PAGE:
Since I’ve published Tilly’s Very Bad Day I figure I should update my painting guide for the Thirty Years War (1618-1648). This is the guide for the Swedes. It is applicable for Swedes throughout the war but of course it is most relevant to the Swedish Phase (1630-1635) and after.
General notes on the Swedes
Based on plates in Brzezinski (1991, 1993) troops in Swedish service wore:
|Hats (if worn)|| grey or tan:
|Hair (their own)||Various|
|Tunic, cloaks, cape||uniform colour. Recruits were issued grey. Individual men would wear whatever they could get hold of to replace worn out cloths||Breeches||in a colour to match the coat, or grey or brown. Breaches were tied at the knee by a ribbon in a matching or contrasting colour|
|Shirt (hence collar), stockings, officers lace||White|
|Leather (Boots + straps + belt, gaiters etc)|| could be black or brown, but items were typically:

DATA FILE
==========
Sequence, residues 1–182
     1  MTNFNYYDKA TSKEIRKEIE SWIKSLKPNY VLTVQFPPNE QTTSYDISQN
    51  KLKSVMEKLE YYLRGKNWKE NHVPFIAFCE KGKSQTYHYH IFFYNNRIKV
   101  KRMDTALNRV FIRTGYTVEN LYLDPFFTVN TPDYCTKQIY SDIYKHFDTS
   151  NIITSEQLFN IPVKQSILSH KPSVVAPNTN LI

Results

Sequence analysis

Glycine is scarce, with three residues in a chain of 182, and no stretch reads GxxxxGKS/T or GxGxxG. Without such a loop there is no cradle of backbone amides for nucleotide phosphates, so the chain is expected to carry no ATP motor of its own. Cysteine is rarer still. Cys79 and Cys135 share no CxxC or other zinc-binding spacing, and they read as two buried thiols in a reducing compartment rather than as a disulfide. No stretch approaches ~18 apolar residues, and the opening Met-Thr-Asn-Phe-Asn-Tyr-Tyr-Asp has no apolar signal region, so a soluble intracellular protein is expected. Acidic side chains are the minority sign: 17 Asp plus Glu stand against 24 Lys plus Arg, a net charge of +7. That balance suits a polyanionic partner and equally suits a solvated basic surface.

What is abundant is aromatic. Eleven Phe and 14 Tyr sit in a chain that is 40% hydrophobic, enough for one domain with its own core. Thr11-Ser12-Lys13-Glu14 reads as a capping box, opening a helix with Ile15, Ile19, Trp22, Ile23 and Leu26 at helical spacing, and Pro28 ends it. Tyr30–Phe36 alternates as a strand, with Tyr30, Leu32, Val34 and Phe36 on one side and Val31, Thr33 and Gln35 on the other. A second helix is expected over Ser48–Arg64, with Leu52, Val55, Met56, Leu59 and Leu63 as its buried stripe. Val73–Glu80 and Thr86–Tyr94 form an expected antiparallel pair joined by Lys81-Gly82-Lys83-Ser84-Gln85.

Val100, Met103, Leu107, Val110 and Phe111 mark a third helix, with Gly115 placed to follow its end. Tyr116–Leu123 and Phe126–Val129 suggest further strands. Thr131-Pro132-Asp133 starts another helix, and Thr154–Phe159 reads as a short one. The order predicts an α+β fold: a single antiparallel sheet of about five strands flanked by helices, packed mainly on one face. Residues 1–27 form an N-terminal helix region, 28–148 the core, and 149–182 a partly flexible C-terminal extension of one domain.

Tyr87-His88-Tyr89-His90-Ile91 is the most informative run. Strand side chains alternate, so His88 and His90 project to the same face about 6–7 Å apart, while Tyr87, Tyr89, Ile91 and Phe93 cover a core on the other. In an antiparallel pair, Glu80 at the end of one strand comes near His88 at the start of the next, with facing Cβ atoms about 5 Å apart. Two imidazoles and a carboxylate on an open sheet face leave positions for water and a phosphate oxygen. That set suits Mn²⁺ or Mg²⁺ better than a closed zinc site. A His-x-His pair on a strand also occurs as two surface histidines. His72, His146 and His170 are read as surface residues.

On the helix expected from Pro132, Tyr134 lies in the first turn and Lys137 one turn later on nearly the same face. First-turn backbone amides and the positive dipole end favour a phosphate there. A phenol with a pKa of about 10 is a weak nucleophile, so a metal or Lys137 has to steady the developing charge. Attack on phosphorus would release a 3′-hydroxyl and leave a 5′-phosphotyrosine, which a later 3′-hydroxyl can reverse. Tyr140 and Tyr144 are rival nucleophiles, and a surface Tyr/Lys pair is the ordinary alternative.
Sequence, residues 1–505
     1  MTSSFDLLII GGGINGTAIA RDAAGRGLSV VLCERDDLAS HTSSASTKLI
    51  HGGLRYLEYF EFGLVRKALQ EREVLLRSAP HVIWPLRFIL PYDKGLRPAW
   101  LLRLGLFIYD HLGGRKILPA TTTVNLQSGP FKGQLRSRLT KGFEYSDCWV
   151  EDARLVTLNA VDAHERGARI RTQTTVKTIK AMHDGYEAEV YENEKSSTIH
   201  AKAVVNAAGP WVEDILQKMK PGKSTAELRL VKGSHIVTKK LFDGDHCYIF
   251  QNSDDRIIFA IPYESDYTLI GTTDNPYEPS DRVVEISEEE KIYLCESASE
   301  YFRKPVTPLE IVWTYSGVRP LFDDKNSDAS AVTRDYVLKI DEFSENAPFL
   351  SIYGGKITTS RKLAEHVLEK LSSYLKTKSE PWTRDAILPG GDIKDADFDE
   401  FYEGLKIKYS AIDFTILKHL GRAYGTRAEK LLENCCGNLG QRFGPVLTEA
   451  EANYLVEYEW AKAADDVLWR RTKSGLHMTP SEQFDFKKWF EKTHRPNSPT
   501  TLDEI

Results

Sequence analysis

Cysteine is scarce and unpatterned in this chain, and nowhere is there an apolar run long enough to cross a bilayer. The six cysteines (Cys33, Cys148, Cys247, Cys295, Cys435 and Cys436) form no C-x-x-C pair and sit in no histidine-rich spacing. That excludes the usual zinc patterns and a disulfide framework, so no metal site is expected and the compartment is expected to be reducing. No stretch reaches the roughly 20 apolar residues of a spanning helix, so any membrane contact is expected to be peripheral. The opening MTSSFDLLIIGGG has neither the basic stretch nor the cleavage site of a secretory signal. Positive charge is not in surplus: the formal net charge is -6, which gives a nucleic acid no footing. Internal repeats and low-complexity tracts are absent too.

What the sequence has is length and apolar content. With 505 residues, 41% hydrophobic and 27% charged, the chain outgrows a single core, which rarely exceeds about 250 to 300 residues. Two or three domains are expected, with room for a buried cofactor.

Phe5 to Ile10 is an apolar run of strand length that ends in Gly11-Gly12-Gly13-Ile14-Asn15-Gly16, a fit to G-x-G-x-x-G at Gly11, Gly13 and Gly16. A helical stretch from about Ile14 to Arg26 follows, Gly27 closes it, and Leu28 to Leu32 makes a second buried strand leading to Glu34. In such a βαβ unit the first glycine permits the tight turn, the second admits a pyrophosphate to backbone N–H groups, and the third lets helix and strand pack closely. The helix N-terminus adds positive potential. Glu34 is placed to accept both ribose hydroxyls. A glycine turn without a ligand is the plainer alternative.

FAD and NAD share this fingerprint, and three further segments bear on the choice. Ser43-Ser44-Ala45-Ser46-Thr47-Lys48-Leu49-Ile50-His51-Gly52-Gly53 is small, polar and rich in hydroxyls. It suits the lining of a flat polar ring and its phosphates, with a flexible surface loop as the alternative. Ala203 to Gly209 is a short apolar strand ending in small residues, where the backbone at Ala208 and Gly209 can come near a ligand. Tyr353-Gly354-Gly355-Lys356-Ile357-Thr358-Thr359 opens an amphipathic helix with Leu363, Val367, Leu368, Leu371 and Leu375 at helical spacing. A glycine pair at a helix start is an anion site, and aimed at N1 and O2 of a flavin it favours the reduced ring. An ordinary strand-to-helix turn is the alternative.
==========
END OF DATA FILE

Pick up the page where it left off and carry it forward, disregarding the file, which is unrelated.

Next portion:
|Sash, scarves||Pretty much white until May 1632 then red.|
|Plate armour and helmets||Blackening and burnishing were used to prevent rusting.|
|Buffcoat||Buff (often worn over plate armour)|
|Staves for standards||Natural|
|Officer sash||blue from 1645; before that any colour except imperialist red although I guess blue gradually predominated|
The example is a unit of recruits, admittedly well equipped. Recruits were issued grey uniforms. They have a bit too much armour and the armour is too bright. But you get the idea. Notice the blue sashes on the two officers. Although a “grey” unit, some men have replaced items of clothing (breaches) with non-regulation colours.
The Swedes were armour poor. Plate armour was rare and the Swedes were forever trying to find more. Even a buffcoat, either sleeveless or with sleeves, was expensive so only some officers in Swedish service could afford them (Brzezinski, 1991). When worn, sleeveless buffcoats were more common.